October 22, 2012

CVS Sub Caught Duping Consumers in Prescription Drug Purchases

By Marlene Koury

In one of the first False Claims Act settlements involving Medicare’s “Part D” prescription drug program, CVS Caremark subsidiary, RxAmerica, agreed to pony up $5.25 million to resolve charges that it submitted false pricing information to the Centers for Medicare & Medicaid Services (CMS).  This is the government body that oversees the Medicare and Medicaid programs.  It also makes available the Internet-based tool called Plan Finder which allows Medicare beneficiaries to compare various Part D plans to find the one that works best for them.  The settlement resolves allegations against RxAmerica that were made in two separate False Claims Act casesClick here to see a copy of the DOJ press release announcing the settlement. 

RxAmerica is one of numerous providers of prescription drug benefit plans under Medicare Part D.   The plans vary by provider in terms of what drugs are covered, the amounts reimbursed and the amount of any required co-pays or monthly premiums.  To assist Part D beneficiaries in selecting the plan that is most cost effective, the CMS Plan Finder provides the tools to select the plan that will cover their estimated prescription drug needs at the lowest possible cost.  Picking the right plan is crucial because once the allotted Part D benefits are exhausted, the individual is responsible for 100 percent of the cost of the prescription drugs.  But Plan Finder is only as useful as the information it provides is accurate and for this the CMS relies on the providers, such as RxAmerica.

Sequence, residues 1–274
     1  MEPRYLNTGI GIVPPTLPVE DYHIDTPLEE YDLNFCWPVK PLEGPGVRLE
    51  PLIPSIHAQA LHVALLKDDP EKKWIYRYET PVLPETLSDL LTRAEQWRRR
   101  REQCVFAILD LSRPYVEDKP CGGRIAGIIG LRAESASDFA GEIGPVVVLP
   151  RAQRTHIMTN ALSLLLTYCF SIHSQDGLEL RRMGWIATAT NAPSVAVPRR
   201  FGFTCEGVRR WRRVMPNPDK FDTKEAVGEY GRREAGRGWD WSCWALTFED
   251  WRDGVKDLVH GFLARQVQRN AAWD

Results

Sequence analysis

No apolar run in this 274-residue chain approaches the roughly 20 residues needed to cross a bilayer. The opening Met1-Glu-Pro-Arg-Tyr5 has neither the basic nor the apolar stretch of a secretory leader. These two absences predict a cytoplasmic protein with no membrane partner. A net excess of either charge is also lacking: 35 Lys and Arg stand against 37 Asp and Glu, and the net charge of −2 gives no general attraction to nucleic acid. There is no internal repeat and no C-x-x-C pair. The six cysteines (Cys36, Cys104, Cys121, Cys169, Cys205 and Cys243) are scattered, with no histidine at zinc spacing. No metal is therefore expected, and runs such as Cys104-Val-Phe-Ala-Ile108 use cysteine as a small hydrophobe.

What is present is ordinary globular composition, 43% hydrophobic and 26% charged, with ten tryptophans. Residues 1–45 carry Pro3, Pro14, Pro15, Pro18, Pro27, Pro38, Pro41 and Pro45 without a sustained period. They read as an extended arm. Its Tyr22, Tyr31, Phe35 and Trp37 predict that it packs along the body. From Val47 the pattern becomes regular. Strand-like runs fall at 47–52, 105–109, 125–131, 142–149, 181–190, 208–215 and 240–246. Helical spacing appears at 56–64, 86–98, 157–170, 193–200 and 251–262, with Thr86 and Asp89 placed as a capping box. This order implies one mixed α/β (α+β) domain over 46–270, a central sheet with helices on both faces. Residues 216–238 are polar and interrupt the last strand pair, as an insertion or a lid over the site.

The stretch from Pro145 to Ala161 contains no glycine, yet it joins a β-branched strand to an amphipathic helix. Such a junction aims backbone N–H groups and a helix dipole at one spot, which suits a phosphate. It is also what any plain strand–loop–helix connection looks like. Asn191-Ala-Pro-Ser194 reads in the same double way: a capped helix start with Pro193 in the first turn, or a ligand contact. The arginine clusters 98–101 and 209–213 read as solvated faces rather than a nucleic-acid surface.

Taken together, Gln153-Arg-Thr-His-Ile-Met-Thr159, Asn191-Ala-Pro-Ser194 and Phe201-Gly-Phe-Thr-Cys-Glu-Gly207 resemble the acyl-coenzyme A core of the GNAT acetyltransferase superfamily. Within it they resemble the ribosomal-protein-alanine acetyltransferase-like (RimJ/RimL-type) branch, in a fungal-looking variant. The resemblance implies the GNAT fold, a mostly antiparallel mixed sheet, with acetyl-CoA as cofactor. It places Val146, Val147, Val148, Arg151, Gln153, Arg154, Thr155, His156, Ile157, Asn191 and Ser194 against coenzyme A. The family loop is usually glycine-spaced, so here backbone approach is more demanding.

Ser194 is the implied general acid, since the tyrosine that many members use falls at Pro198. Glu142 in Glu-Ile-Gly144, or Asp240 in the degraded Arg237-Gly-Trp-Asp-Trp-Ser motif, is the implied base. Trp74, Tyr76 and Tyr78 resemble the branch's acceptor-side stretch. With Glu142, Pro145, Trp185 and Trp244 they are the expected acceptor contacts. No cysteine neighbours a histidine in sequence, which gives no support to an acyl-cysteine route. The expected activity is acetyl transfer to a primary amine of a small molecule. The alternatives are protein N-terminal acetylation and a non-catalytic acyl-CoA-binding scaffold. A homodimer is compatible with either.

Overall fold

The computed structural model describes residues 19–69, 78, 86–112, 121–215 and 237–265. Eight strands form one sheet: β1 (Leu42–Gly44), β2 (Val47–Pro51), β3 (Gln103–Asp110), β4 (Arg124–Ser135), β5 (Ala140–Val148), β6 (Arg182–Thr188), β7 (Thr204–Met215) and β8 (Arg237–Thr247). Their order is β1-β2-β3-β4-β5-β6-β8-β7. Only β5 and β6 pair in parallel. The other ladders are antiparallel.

That is where the government’s action against RxAmerica comes in.  Apparently, RxAmerica did not hold up its end of the bargain.  According to the government, during the period of January 1, 2007 to December 31, 2008, RxAmerica provided CMS with inaccurate pricing information to make its offering appear more attractive to Part D beneficiaries.  It did this while certifying that the information was accurate.  By misrepresenting the cost of certain drugs, RxAmerica induced Part D enrollees into selecting RxAmerica’s plan over its competitors.  Once they signed up, RxAmerica  then charged its enrollees more money than it had estimated for various prescriptions, causing many enrollees’ Part D benefits to run out. 

The government is hoping that this well-publicized settlement will serve as a warning shot to others who may be considering a similar type of bait-and-switch.  After all, without accurate pricing information, the Plan Finder serves no purpose at all.  Even worse, it could cause Part D recipients to spend more money than they might have without resorting to the Tool at all.

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